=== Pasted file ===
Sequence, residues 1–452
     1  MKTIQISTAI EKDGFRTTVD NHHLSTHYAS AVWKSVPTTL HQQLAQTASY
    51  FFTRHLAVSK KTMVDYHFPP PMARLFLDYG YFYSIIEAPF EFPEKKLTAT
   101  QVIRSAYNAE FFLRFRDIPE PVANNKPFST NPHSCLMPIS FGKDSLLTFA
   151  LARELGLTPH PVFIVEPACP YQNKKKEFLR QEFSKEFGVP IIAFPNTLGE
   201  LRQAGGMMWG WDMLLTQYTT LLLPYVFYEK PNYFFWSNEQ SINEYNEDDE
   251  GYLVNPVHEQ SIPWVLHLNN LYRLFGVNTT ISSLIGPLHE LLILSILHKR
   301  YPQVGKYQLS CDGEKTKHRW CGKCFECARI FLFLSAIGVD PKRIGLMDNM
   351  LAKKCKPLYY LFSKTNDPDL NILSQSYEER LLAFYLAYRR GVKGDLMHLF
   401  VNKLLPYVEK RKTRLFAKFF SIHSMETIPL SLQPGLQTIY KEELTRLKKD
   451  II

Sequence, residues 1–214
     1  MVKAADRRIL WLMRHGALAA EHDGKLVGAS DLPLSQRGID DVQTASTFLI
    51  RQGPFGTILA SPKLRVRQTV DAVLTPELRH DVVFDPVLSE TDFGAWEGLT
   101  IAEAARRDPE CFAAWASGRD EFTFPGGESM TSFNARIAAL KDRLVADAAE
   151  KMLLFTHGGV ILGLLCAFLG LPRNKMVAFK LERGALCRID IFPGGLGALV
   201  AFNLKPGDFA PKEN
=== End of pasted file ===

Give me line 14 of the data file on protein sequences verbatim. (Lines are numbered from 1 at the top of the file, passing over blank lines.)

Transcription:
    51  RQGPFGTILA SPKLRVRQTV DAVLTPELRH DVVFDPVLSE TDFGAWEGLT